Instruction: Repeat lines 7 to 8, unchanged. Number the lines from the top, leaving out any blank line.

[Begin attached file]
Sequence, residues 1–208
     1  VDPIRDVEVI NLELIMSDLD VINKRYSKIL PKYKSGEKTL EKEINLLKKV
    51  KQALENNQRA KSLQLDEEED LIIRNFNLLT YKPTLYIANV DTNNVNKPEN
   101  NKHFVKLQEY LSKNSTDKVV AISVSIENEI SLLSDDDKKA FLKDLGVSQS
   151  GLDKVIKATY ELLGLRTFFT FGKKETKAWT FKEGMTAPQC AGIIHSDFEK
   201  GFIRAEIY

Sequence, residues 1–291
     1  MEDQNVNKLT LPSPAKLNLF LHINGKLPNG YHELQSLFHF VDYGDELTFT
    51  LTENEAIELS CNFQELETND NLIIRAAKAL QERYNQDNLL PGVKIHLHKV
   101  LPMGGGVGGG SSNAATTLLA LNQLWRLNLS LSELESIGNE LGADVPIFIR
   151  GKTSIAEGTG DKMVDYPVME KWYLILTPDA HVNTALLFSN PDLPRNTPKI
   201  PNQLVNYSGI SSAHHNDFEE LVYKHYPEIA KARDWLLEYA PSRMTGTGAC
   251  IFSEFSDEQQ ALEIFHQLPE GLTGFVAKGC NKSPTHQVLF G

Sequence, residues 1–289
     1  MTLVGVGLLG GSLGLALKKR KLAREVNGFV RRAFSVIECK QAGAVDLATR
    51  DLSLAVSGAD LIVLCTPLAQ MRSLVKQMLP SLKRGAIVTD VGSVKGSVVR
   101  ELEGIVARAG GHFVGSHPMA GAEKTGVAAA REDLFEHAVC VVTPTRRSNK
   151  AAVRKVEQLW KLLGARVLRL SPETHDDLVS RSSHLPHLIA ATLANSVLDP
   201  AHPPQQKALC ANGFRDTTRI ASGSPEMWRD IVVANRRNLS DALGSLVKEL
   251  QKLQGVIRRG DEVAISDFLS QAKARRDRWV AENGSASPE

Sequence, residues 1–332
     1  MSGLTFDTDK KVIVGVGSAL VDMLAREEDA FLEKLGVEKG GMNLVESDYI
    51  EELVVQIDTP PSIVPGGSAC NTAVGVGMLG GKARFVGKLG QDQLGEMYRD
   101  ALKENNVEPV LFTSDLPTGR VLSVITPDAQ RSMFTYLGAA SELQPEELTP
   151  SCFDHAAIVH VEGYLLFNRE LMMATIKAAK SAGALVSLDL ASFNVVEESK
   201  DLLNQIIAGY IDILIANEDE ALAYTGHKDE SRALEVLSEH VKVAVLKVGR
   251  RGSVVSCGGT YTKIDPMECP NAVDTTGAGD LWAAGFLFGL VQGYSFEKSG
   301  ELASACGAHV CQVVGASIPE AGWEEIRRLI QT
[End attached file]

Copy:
Sequence, residues 1–291
     1  MEDQNVNKLT LPSPAKLNLF LHINGKLPNG YHELQSLFHF VDYGDELTFT